But continue shouting at the hurricane.

I’m not at odds with anything. SU is not going to cheat. And which game are you talking about? We have collectives taking care of current student athletes. That’s how it’s done. A good explanation is in that article attached to the Girard post a week ago.
 

CuseCPT

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They've always been the minor leagues for the NFL and pro basketball. Baseball, soccer, and hockey are pretty much the only team sports that have a system for players who don't go to college to make the top level of the pros. And for them, college teams have recently become a viable minor league. Before, you had what seemed like one or two college players make the big time each year in hockey and baseball, while now a major number of the signees each year played in college. Baseball came to realize how good college is as a cost-free minor league by setting the draft rule that makes most players stay in college for 3 years.

Fair, I guess I should have stated that they became the extremely lucrative minor leagues starting in the 1980s, nearly generating as much wealth as the big leagues, for a select few, at least.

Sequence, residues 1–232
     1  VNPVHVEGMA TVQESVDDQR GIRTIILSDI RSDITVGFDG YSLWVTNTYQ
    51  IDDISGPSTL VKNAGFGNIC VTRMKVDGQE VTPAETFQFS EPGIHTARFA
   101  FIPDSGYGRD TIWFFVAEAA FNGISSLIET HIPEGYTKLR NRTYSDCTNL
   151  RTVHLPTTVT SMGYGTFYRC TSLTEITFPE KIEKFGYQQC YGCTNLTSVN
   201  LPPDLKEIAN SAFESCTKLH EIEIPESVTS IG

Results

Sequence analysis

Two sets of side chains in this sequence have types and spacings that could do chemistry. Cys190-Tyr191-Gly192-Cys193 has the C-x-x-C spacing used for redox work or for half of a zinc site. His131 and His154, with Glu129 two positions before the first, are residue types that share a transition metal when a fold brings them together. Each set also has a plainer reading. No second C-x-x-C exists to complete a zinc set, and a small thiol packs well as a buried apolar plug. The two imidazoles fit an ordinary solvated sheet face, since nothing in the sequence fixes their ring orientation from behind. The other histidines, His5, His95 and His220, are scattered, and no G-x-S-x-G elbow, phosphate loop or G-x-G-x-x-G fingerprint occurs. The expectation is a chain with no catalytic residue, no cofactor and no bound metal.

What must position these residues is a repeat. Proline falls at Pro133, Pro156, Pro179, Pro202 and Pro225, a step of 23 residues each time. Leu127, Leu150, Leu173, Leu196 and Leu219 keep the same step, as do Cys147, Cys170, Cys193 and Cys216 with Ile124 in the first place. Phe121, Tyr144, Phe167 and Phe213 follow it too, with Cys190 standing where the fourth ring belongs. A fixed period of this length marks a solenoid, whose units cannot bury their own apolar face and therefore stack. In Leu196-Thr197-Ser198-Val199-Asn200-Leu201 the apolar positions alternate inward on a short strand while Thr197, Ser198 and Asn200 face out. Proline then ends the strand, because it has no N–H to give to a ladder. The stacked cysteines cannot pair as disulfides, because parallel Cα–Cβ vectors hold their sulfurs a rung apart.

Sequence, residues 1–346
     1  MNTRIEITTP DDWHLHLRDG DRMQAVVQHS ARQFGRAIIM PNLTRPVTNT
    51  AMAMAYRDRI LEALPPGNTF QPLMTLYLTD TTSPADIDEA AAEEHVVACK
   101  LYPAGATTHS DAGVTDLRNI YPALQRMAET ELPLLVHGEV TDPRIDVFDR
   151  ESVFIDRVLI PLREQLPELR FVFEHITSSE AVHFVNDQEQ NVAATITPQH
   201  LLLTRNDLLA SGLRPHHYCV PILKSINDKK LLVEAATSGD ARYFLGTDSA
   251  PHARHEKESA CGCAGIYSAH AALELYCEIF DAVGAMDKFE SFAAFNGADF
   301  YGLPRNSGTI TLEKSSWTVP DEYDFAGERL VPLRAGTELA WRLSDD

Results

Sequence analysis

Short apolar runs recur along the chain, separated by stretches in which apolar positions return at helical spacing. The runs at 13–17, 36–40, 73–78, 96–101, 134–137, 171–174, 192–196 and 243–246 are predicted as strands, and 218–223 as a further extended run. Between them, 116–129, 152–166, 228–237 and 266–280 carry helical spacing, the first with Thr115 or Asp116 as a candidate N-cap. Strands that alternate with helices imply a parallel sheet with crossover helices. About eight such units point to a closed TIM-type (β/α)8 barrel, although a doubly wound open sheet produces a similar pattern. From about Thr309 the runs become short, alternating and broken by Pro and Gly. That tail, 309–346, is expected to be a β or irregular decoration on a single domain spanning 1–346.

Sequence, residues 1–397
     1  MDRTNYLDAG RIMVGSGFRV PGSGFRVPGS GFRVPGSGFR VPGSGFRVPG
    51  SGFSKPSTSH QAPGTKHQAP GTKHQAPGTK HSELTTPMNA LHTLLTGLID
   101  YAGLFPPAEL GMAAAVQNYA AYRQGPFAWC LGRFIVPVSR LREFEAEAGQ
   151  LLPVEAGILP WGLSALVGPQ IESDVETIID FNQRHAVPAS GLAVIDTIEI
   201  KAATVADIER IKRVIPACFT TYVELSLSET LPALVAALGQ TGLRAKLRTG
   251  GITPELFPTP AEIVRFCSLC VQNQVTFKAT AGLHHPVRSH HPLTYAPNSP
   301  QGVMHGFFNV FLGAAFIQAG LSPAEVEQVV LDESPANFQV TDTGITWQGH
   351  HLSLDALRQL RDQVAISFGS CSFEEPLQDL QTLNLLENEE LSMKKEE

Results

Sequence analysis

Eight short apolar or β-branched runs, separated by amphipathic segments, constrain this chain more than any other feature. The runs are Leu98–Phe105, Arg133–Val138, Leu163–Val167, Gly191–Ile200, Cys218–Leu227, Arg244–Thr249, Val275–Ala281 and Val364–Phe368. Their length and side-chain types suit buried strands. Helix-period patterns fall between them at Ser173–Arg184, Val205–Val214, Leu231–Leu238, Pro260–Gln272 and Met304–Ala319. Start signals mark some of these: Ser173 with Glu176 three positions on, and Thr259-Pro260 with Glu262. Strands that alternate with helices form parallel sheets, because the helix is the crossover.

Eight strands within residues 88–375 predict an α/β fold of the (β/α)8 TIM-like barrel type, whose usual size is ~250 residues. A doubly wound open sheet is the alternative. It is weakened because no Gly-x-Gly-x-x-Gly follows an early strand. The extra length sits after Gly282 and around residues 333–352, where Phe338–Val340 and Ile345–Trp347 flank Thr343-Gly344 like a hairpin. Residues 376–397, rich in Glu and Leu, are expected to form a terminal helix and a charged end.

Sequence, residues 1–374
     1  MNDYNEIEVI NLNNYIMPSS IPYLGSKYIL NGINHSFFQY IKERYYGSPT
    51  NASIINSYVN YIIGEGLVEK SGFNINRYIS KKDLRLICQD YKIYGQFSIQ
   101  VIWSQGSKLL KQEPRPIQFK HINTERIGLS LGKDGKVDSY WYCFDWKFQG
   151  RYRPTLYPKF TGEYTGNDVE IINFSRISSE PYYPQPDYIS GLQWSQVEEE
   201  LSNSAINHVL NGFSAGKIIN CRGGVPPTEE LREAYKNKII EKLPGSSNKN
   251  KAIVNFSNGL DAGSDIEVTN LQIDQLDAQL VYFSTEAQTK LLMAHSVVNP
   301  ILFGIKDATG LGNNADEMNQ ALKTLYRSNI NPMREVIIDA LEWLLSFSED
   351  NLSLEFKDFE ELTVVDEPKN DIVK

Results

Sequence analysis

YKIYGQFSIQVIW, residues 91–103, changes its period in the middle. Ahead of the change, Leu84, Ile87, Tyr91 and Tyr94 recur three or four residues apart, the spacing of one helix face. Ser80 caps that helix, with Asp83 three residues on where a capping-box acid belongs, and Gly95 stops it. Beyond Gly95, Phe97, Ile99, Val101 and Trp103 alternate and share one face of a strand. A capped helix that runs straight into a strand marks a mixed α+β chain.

Hoo's That

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Fair, I guess I should have stated that they became the extremely lucrative minor leagues starting in the 1980s, nearly generating as much wealth as the big leagues, for a select few, at least.
And they only became lucrative because of two Supreme Court cases in 1984 brought by Oklahoma and Georgia that said control over TV rights belonged to the schools and took it away from the NCAA.
 

CuseCPT

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And they only became lucrative because of two Supreme Court cases in 1984 brought by Oklahoma and Georgia that said control over TV rights belonged to the schools and took it away from the NCAA.
Very interesting, that part I did not know.